Inside the Phillies: Phils hope return of Ruiz triggers hot streak

Catcher Carlos Ruiz returns to the Phillies lineup Sunday after a 25-game suspension. BRADLEY C. BOWER / For The Inquirer
Catcher Carlos Ruiz returns to the Phillies lineup Sunday after a 25-game suspension. BRADLEY C. BOWER / For The Inquirer
Posted: April 29, 2013

READING - The gang, such as it is, will be back together Sunday in New York.

Catcher Carlos Ruiz returns from his 25-game suspension for using the banned substance Adderall and the Phillies hope it becomes a trigger point for a team that has stumbled out of the starting gate for the second straight season.

Returns, of course, have become as commonplace for the Phillies in recent years as they are the day after Christmas. They were able to survive and recover from the lengthy absences of shortstop Jimmy Rollins in 2010 and second baseman Chase Utley in 2011.

But when both Utley and Ryan Howard opened last season on the disabled list, the team faded out of contention by the all-star break and its run of five straight National League East titles ended. It was a foregone conclusion that the lengthy absences of Utley and Howard would have a major negative impact on the Phillies.

It should have been just as obvious that the all-star catcher's absence would have a significant impact on the team because of how much he means to the pitching staff and the offense.

"He hurt us by not being with us," general manager Ruben Amaro Jr. said Friday night in Reading. "But the other guys should be pulling their weight and doing things that we haven't been doing. He's not going to be a savior for us. I don't expect him to be. He's just a good piece of the puzzle to have back on the club."

Over the last two seasons, the Phillies have rarely had Ruiz, Utley and Howard on the field at the same time. A year ago, that trio started only 23 games together, because shortly after Utley and Howard returned, Ruiz was sidelined with a foot injury.

From 2011 through Saturday, Ruiz, Utley and Howard have been together in the starting lineup just 93 times out of a possible 349 games. The Phillies have a .602 winning percentage (56-37) with that trio together and a .539 winning percentage (138-118) when they are not together.

In many ways, Ruiz's return is even more fascinating than the ones by Utley and Howard. There was a lot of speculation that Utley's knees would bring a premature end to his career, but he is off to a strong start after taking a different approach to the offseason.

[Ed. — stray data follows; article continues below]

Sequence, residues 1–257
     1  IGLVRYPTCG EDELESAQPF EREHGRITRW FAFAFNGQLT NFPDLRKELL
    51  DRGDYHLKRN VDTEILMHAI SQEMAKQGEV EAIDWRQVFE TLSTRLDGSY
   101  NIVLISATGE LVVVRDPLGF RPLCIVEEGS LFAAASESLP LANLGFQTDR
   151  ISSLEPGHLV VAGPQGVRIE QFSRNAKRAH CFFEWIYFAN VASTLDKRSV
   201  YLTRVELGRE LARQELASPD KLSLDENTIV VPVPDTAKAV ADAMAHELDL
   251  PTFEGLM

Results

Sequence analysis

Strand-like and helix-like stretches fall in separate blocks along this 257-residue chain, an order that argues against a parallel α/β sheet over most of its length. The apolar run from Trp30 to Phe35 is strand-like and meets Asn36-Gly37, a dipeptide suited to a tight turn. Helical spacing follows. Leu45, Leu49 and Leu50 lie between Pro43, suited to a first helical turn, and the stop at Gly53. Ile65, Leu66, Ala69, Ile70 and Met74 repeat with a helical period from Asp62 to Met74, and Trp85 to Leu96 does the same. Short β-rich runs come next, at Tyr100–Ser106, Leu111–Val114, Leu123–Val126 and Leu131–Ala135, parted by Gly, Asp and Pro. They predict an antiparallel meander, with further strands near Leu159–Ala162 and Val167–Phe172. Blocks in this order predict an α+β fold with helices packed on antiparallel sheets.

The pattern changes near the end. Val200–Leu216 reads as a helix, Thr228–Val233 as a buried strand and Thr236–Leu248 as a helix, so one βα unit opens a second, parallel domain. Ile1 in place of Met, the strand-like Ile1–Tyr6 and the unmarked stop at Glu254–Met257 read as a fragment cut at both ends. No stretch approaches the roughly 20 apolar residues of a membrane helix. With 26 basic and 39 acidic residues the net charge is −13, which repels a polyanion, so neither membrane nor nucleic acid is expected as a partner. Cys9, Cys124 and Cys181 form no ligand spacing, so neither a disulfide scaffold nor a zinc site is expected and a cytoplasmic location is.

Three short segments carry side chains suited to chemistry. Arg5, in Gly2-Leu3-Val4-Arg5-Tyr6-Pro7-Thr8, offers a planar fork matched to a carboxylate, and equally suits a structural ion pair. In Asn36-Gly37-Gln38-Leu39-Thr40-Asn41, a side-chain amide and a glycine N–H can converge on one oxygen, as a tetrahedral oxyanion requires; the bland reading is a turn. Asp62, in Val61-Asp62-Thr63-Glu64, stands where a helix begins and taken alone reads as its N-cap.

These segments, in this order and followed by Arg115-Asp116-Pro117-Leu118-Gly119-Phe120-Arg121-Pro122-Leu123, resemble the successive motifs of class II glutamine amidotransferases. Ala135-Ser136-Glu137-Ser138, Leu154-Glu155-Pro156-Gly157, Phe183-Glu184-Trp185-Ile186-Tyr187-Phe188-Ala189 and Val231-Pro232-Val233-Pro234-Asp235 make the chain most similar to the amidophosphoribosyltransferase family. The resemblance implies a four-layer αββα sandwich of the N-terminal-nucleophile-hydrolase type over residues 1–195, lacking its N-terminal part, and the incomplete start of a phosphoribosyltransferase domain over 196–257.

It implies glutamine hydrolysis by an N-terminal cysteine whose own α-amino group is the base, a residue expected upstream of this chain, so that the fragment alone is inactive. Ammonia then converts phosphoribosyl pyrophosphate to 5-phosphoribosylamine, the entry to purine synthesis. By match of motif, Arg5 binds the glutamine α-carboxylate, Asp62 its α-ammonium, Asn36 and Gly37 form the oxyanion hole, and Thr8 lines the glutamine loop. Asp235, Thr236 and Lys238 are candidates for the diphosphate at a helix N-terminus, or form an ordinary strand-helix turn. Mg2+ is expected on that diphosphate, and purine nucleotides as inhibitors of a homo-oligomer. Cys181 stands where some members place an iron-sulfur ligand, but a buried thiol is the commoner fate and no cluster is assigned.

Howard has become the star position player of most concern because he clearly is not moving as well as he did before his torn Achilles injury.

Ruiz, 34, and a potential free agent after this season, has opened himself to speculation about whether he can perform just as well without Adderall as he did while using it. It should be noted that he wasn't just good last year. Over his last three seasons, he has hit .303 with 83 doubles, 30 home runs, 161 RBIs and an .842 OPS. That, of course, is in addition to being a trusted catcher to a star-studded pitching staff.

How often he used Adderall during that span is unknown. Ruiz insisted that the Adderall, or lack of it, will make no difference.

"It was nothing that the medication did for me," he said. "I'm ready, and you're going to see what happens."

Amaro feels the same way.

"I don't think [Adderall] really affected him," Amaro said. "It's a stimulant. I guess a stimulant can affect the game one way or another, but I think it's for energy more than anything else. I don't think it's going to affect the way he plays. I really don't. I hope it doesn't."

That remains to be seen and it would be vehemently argued by some in the medical field who describe Adderall as steroids for the mind.

"It masks fatigue, masks pain, increases arousal - like being in the zone," Gary Wadler told the Seattle Times last year. "It increases alertness, aggressiveness, attention and concentration. It improves reaction time, especially when fatigued. Some think it enhances hand-eye coordination. Some believe it increases the mental aspects of performance."

Wadler is an associate professor of medicine at Hofstra North Shore-LIJ School of Medicine and a past chairman of the World Anti-Doping Agency's Prohibited List Committee.

Because he will be a free agent and because the Phillies need someone to stimulate their lackluster offense, Ruiz's return this season is even more important than the ones made by Utley and Howard a year ago. At least this season there is still time for this team to recover.

"I'm not going to put too much pressure on myself," Ruiz said. "I just have to relax and have fun and try to do my best. I know those guys are working real hard and at some point we're going to put everything together and we're going to have success."


Contact Bob Brookover at bbrookover@phillynews.com. Follow @brookob on Twitter.

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